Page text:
The infamous story of Benjamin Barker, a.k.a Sweeney Todd, who sets up a barber shop down in London which is the basis for a sinister partnership with his fellow tenant, Mrs. Lovett. Based on the hit Broadway musical.
Helena Bonham Carter,
A cab driver finds himself the hostage of an engaging contract killer as he makes his rounds from hit to hit during one night in Los Angeles. He must find a way to save both himself and one last victim.
This is the story of the last few years of the notorious bank robber John Dillinger. He loved what he did and could imagine little else that would make him happier. Living openly in 1930s Chicago, he had the run of the city with little fear of reprisals from the authorities. It's there that he meets Billie Frechette with whom he falls deeply in love. In parallel we meet Melvin Purvis, the FBI agent who would eventually track Dillinger down. The FBI was is in its early days and Director J. Edgar Hoover was keen to promote the clean cut image that so dominated the organization through his lifetime. Purvis realizes that if he is going to get Dillinger, he will have to use street tactics and imports appropriate men with police training. Dillinger is eventually betrayed by an acquaintance who tells the authorities just where to find him on a given night. Written by
John Hamilton was actually mortally wounded in a gun battle with police near Hastings, Minnesota, hours after leaving Little Bohemia. Hamilton died three or four days later, depending on the source, at the apartment of Barker-Karpis gang member Volney Davis in Aurora, Illinois. John Dillinger and Van Meter, along with members of the Barker-Karpis gang, buried Hamilton in a gravel pit in Oswego, Illinois. In an attempt to prevent identification of the body, 10 cans of lye were poured on the corpse and the right hand was cut off. Agents recovered the body on August 28, 1935. The Bureau was able to identify Hamilton by his teeth. Hamilton's teeth were later exhibited at the 1939 midwinter meeting of the Chicago Dental Society. Where Hamilton's choppers are presently located is unknown. A gruesome FBI photo of the recovered body can be seen in the photo section of Dary Matera's "The Life and Death of America's First Celebrity Criminal." See more »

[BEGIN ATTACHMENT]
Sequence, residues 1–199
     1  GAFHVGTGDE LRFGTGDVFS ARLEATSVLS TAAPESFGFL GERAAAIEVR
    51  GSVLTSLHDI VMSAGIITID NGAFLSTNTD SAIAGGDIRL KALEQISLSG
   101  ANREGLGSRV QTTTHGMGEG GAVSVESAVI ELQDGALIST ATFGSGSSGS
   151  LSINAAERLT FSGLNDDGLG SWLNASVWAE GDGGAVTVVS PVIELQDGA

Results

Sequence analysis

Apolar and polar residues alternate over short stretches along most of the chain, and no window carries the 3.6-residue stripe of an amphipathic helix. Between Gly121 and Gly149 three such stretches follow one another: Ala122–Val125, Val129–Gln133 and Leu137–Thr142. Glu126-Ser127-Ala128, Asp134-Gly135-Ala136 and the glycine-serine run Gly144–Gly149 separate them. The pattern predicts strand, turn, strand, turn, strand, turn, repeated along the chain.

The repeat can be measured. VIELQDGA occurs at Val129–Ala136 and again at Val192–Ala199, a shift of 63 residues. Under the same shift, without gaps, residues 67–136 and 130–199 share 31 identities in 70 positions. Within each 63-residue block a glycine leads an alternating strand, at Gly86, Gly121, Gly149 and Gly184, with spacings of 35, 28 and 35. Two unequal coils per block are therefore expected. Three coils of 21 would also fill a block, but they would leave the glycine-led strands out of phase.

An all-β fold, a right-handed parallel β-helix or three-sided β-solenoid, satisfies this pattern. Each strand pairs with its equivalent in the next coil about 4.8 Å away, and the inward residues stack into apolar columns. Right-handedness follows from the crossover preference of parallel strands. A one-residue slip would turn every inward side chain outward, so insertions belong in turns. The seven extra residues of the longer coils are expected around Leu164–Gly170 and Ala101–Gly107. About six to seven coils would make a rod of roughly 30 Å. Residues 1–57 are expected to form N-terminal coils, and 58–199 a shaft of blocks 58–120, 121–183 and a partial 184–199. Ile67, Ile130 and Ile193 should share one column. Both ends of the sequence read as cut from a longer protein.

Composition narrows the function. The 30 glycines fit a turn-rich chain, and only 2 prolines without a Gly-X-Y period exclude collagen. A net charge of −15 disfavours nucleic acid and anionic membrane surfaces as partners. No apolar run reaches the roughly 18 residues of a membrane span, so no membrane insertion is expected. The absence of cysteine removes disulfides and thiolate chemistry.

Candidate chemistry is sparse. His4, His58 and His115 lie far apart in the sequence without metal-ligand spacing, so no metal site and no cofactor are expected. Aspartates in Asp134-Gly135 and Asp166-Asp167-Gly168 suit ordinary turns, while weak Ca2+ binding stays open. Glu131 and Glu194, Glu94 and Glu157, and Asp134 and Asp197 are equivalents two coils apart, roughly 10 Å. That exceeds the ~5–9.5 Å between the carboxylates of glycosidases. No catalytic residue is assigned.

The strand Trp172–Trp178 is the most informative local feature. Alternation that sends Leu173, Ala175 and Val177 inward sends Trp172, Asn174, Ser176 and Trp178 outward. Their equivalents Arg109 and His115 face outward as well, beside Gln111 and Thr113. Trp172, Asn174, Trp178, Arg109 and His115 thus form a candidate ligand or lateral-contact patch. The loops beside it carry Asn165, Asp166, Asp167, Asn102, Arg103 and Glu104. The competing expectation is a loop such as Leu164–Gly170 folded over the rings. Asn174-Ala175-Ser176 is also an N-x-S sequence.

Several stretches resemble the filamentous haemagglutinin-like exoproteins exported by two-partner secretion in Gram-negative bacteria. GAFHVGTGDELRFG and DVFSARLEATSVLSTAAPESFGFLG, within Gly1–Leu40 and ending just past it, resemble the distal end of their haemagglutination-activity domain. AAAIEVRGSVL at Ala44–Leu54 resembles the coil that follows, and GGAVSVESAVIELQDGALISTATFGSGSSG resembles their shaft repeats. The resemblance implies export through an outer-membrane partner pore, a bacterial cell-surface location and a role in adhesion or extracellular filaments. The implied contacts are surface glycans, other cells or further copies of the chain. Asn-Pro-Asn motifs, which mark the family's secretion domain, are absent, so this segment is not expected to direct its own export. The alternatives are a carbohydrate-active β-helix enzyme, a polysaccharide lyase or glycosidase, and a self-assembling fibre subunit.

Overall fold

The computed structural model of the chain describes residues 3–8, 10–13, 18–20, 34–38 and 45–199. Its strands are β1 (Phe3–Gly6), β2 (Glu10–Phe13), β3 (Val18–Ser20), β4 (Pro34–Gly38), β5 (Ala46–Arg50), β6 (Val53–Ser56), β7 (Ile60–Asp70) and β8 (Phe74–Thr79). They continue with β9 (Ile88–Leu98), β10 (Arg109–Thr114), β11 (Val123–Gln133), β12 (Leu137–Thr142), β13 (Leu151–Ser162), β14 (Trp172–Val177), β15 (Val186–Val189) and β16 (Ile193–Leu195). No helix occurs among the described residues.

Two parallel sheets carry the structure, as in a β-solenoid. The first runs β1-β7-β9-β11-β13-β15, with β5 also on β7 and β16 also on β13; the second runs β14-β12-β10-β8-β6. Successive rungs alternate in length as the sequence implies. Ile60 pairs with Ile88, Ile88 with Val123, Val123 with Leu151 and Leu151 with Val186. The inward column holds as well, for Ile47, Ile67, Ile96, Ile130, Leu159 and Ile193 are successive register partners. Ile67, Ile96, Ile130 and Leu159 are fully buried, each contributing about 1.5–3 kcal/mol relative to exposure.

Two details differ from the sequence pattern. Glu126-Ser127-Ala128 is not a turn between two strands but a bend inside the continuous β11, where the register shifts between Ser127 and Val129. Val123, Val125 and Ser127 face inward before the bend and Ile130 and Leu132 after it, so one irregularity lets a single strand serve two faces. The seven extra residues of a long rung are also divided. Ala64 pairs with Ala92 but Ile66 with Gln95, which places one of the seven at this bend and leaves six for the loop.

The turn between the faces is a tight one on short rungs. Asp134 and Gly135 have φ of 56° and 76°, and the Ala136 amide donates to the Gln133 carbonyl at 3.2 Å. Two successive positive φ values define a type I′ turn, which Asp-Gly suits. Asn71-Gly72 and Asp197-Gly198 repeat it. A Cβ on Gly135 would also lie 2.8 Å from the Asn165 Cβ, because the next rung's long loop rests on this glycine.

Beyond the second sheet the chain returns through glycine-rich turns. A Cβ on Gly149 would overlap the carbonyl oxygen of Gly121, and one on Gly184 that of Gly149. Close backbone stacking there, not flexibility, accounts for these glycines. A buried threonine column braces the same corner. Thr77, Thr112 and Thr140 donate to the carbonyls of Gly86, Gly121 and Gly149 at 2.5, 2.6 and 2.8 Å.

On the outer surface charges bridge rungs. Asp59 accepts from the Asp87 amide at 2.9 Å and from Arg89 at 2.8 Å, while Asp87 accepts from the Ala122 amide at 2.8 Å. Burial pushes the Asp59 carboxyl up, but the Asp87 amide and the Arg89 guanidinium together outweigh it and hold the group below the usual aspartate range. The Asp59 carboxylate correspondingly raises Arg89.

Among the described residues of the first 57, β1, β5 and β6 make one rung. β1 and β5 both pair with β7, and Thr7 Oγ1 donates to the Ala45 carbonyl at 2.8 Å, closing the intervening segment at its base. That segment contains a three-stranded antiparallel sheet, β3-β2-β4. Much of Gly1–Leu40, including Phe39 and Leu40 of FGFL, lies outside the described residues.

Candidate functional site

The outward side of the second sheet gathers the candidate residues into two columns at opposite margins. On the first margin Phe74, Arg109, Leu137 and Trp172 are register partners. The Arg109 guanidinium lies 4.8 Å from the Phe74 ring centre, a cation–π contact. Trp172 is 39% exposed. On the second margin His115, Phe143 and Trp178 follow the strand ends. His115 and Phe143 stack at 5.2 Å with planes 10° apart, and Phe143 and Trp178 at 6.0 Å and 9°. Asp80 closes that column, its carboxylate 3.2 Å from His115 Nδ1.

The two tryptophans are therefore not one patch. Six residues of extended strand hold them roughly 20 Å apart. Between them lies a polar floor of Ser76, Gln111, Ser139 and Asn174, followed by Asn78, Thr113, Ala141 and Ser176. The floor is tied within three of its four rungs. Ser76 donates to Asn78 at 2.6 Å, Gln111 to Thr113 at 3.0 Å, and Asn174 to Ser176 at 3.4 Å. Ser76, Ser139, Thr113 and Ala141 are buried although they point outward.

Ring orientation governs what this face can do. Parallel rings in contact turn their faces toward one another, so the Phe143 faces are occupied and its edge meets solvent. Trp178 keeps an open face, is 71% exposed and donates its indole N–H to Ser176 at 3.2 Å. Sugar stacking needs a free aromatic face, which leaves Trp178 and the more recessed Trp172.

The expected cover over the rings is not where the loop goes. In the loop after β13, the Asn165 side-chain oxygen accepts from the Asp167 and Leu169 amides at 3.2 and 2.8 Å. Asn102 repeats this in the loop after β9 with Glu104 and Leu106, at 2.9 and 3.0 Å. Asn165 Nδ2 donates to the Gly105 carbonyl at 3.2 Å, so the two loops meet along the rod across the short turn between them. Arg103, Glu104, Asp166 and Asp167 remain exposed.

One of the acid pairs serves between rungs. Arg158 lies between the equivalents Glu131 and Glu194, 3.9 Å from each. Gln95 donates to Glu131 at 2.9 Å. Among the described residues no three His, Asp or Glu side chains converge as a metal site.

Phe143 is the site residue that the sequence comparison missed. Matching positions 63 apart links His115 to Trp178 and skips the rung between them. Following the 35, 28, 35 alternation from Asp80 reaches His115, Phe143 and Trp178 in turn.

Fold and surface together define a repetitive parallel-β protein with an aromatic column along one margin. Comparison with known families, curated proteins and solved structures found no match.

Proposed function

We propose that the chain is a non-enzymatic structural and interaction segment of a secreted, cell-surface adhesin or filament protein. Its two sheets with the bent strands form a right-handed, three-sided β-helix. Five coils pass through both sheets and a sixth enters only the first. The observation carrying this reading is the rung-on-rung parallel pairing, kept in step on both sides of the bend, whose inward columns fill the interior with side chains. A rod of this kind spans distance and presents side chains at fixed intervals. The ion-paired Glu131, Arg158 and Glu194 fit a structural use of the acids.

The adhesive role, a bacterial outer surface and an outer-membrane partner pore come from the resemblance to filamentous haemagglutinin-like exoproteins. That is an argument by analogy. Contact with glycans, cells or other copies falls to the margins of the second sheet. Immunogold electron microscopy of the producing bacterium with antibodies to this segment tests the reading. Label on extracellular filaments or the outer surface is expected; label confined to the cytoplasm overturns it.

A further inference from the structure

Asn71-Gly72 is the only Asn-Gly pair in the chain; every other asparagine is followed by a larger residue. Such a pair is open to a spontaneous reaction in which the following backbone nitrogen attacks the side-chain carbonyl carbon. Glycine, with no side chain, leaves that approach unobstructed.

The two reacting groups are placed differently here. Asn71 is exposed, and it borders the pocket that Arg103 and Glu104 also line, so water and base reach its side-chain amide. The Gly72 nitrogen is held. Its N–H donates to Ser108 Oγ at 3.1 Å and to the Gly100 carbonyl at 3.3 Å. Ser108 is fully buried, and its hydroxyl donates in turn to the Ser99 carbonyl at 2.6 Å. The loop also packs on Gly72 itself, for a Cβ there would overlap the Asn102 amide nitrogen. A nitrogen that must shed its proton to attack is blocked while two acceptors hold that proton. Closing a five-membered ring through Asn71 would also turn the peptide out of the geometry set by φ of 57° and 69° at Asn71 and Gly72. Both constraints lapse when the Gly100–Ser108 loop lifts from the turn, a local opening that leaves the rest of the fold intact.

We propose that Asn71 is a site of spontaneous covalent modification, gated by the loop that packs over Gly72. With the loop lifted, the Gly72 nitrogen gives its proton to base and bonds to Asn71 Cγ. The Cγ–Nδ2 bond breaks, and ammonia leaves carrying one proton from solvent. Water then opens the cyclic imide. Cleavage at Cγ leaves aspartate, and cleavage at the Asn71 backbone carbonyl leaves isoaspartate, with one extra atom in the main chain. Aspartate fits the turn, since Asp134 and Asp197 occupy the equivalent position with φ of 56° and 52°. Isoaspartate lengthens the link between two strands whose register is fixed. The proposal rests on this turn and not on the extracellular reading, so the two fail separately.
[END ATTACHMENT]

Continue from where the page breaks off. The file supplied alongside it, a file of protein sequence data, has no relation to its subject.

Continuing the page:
In the scene of the first break out the warden opens the safe to the prison armory. You can see toward the ceiling a porcelain light fixture with a grounded, three pin, plug socket on the side of it. Grounded receptacles did not come into common use until the 1960s. See more »
[to the policeman who has been beating her]
When my Johnny finds out how you slapped around his girl, you know what's going to happen to you, fat boy?
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The title of the movie is not shown until the end credits. See more »
Digital is the world of Michael Man with all its drawbacks. It works up to a point, if you don't mind being distracted by the make up on the actors faces, pimples and blemishes. The final adventures on John Dillinger's life look and feel like a work of fiction and I suspect that in "Public Enemies" they are, 50/50, fact and fiction. Johnny Depp is marvelous no matter what and his is a star performance. There is only a vague approach to a real characterization, but I didn't care because I go wherever Johnny Depp wants to take me. It was like that with Gary Cooper too, wasn't it? Part of the sneaky narrative is to have Dillinger the criminal played by the angelic Depp and Purvis the noble FBI guy played by Christian Bale that emanates evil without even trying. If you're interested in performances, like I am, Billy Crudup is the thing in a sensational turn as J Edgar Hoover in spite of the digital thing, that makes him look as if Hoover suffered from some rare skin condition, damn shame if you ask me. Marion Cottillard is absolutely lovely but we knew that already and the rest of the characters remain an enigma, they enter and leave the scene without us ever having a clue who they are. Giovanni Ribisi, Stephen Dorff, Jason Clark, who were they and Lelee Sobieski? It was startling to see her appear on the third act. Who was she suppose to be? In any case, the film has a Michael Mann feel and it's technically great. The shootings are extraordinary and Johnny Depp totally beautiful. I suppose that should be enough to applaud and recommend "Public Enemies". I did and I will even if, I must confess, I expected more or maybe less.
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